“The house of every one in his castle, and if thieves come to a man’s house to rob or murder, and the owner or his servants kill any of the thieves in defence of himself and his house, it is no felony and he shall lose nothing.”

 

This is what now would be called justifiable homicide, yet the concept of using lethal force to defend one’s home, as is evidenced by this case, is about 400 years old. Stand-your-ground laws negate any duty to retreat, as enumerated in Texas Penal Code §§ 9.41 – 9.43; the 2007 Joe Horn shooting in Pasadena involved the direct application of castle doctrine, and thankfully, the grand jury issued no bill against Joe Horn for killing the two burglars. Continue reading

Quote of the Week: “Pernicious Luxuries”

“Thus to pay the interest of the foreign debt, and to pay four per cent on the whole of the domestic debt, principal and interest, forming a new capital, will require a yearly income of $2,239,163 [dollars] [and] 09 [cents]…but to the sum which has been stated for payment of the interest, must be added a provision for the current service…this sum may, in the opinion of the Secretary, be obtained from the present duties on imports and tonnage, with the additions which, without any possible disadvantage either to trade or agriculture, may be made on wines, spirits, (including those distilled within the United States,) teas, and coffee…that the articles which have been enumerated will, better than most others, bear high duties, can hardly be a question. They are all of them, in reality, luxuries, the greatest part of them foreign luxuries; some of them, in the excess in which they are used, pernicious luxuries…the consumption of ardent spirits particularly, no doubt very much in account of their cheapness, is carried to an extreme, which is truly to be regretted, as well in regard to the health and the morals as to the economy of the community.”

Alexander Hamilton

Report on Public Credit (January 9th, 1790)

A Primer on Simon Jestering

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“Never express controversial opinions around home or at work…any artistic activity that might attract unfavorable attention, such as writing, nude photography, erotic sculpture, etc., should be done under a ‘nom de plume.’”

Barry Reid

 

Simon Jester

 

Culture jamming began as a response to manipulative corporate advertising. Originally known as “subvertising,” culture jamming evolved over the decades to serve the ends of various activists, no matter their chosen ideology. Projects in more recent years have included the Google Trends experiment, Obama Joker, V for Victory, Unplug the Signal, and Vote4Nobody; for this 2016 electoral cycle, the only candidates worth a damn (which is to say, not at all) are Vermin Supreme, Deez Nuts, and Stubbs the cat. Continue reading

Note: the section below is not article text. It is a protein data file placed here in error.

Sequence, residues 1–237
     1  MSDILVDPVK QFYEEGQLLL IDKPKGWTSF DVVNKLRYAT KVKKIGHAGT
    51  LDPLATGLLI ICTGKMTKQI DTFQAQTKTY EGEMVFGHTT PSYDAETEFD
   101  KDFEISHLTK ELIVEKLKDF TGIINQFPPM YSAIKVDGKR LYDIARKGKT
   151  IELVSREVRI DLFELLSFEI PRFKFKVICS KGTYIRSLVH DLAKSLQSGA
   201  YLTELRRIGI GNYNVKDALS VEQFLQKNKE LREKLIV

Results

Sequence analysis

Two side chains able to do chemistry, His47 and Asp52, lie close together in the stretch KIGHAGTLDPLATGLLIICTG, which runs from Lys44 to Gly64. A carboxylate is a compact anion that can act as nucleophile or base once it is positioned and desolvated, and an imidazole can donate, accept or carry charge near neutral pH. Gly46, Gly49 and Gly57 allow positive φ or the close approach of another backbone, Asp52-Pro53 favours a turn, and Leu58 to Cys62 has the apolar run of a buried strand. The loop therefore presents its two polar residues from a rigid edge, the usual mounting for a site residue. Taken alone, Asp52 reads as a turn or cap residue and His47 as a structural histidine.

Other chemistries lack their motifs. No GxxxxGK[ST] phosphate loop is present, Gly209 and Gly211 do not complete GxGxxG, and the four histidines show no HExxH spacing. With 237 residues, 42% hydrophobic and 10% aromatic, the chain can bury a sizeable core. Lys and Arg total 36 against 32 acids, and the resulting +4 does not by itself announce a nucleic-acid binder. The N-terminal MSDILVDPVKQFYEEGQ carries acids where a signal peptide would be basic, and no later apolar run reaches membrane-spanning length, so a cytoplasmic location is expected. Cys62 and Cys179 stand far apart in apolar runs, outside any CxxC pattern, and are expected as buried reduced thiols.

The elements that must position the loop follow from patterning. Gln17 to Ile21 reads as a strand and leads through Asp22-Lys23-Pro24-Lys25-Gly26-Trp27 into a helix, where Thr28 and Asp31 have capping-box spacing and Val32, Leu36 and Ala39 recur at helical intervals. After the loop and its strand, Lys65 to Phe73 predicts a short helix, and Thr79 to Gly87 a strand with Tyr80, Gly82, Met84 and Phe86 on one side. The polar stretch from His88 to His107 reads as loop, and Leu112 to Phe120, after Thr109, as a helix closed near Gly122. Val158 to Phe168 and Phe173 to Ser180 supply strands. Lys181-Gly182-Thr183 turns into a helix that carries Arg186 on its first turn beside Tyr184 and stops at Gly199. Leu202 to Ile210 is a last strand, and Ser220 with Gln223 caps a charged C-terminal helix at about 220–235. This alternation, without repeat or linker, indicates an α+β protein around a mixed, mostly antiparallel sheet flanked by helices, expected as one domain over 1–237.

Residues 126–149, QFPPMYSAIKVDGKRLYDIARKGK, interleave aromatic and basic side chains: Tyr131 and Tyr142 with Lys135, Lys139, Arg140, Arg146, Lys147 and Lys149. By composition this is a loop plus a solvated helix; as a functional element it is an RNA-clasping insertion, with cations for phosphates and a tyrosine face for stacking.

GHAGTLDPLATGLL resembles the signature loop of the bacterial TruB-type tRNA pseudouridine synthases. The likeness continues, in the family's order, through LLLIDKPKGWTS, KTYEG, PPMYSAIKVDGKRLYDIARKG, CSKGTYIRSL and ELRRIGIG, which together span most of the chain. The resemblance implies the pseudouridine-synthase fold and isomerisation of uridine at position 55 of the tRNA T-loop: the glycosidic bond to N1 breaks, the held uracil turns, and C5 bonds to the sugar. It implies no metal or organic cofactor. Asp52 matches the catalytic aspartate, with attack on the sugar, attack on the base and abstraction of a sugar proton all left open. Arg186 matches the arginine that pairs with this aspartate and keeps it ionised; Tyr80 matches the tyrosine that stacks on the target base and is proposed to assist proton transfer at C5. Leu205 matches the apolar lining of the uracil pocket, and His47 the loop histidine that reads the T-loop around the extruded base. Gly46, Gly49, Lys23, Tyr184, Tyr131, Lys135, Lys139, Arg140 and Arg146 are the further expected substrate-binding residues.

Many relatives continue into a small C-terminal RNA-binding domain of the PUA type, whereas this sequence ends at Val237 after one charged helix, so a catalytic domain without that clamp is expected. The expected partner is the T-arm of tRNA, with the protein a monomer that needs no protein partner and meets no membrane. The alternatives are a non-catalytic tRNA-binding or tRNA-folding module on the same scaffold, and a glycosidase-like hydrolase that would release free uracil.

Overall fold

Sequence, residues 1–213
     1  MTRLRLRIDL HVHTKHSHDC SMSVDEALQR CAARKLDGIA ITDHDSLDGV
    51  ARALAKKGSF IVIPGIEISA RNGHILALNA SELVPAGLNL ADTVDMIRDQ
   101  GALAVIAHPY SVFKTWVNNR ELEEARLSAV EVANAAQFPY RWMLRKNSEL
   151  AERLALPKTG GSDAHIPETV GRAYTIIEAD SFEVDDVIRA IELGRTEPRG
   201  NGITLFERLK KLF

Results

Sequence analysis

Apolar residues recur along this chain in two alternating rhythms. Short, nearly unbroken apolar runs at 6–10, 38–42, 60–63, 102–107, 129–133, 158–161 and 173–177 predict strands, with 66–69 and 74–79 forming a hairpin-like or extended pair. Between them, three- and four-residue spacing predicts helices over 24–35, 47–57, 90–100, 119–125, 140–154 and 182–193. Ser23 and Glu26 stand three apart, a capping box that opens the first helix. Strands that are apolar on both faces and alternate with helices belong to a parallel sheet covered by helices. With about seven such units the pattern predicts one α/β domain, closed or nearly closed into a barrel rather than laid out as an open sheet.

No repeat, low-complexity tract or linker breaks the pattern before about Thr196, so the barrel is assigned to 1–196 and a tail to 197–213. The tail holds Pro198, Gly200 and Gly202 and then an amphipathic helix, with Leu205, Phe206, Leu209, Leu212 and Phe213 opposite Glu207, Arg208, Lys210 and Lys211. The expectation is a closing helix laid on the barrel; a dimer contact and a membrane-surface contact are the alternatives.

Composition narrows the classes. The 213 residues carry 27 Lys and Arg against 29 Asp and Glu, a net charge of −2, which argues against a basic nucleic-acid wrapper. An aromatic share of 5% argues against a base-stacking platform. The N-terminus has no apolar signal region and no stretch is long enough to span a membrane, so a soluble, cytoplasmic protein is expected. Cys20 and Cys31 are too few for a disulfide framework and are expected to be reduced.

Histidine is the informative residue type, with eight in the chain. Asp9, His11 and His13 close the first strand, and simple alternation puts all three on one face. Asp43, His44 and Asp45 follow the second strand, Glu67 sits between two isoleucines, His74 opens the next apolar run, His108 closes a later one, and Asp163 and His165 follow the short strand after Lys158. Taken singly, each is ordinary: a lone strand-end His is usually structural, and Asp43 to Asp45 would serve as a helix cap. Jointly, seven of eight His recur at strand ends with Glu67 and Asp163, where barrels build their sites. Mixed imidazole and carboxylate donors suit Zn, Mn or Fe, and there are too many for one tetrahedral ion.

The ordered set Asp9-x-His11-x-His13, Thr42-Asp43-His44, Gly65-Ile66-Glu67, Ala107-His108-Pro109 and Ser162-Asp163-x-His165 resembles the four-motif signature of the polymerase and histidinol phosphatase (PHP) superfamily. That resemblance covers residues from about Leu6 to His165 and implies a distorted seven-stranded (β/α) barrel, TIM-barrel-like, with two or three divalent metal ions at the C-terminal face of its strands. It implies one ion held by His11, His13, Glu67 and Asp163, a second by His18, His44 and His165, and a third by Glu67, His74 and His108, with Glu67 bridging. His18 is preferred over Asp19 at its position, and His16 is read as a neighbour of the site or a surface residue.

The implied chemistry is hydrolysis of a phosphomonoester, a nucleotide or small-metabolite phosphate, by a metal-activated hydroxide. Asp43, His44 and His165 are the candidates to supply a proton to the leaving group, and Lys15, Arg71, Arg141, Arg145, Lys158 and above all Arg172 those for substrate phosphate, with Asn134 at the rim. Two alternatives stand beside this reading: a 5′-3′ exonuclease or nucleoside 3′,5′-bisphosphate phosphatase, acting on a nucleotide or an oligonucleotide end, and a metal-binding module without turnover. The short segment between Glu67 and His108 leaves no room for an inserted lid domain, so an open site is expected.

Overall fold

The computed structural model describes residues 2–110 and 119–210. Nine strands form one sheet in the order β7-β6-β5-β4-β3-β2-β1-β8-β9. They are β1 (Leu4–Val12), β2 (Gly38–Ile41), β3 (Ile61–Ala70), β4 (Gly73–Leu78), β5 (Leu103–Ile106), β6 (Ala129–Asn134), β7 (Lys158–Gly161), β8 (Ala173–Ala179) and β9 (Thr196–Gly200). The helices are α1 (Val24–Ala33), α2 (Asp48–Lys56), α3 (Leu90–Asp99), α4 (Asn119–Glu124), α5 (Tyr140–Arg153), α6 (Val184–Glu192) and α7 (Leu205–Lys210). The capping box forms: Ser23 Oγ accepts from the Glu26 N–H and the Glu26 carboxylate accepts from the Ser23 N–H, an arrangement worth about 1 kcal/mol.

Camp Lone Star (No. 6 – 10)

The following is a partial mirroring of Gary Hunt’s series about political prisoner Kevin “K.C.” Massey. As of today, Massey is currently serving a three year and five month sentence because he was convicted of violating 18 USC §§ 922(g)(1) for the victimless crime of “felon in possession of firearm,” and is expected to be released sometime in 2019. Please read, “Camp Line Star (No. 1 – 5),” before reading this selection.

 

 

VI. Arbitrary & Capricious Justice? [11/24/14]

“Arbitrary and Capricious” is a rather interesting phrase. Most people have never heard of it, so perhaps, it is time to understand what it is and what the legal significance is. Continue reading

Vonu! The Search for Personal Freedom?

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People are looking for solutions to the tyranny they live in their own lives. Reformism offers nothing by false hopes and broken promises, which does little else other than drive individuals further into despair. Any tactic or strategy of direct action, even if only experimental, gives a sense of purpose for those who are willing to take the plunge by giving it a real effort, preferably by documenting their results.

 

 

Vonu, simply defined, is the hardening of one’s lifestyle to such an extent that an individual could be said to have rendered himself nearly invulnerable to coercion; in other words, vonu is the comprehensive application of security culture to every facet of your life. The word, “vonu,” itself is the awkward contraction of the phrase “VOluntary Not vUlnerable,” which means that just because something is voluntary does not therefore mean that it must also be susceptible to coercion. If there were a formulaic way to express the most important facets of vonu, it could be written:

Self-sufficiency, whether that be in the context of “bugging out” or off-grid homesteading, does harden your life by making you independent of the power grid and supply chains. Refusing to give your “sanction of the victim” to Leviathan makes you less dependent upon formal institutions, which better enables you to serve your fellow man through mutually beneficial relationships. Although the word, “minimalism,” has been verbicided, simple living encourages individuals to be conscientious of both their environment and their wallets. Continue reading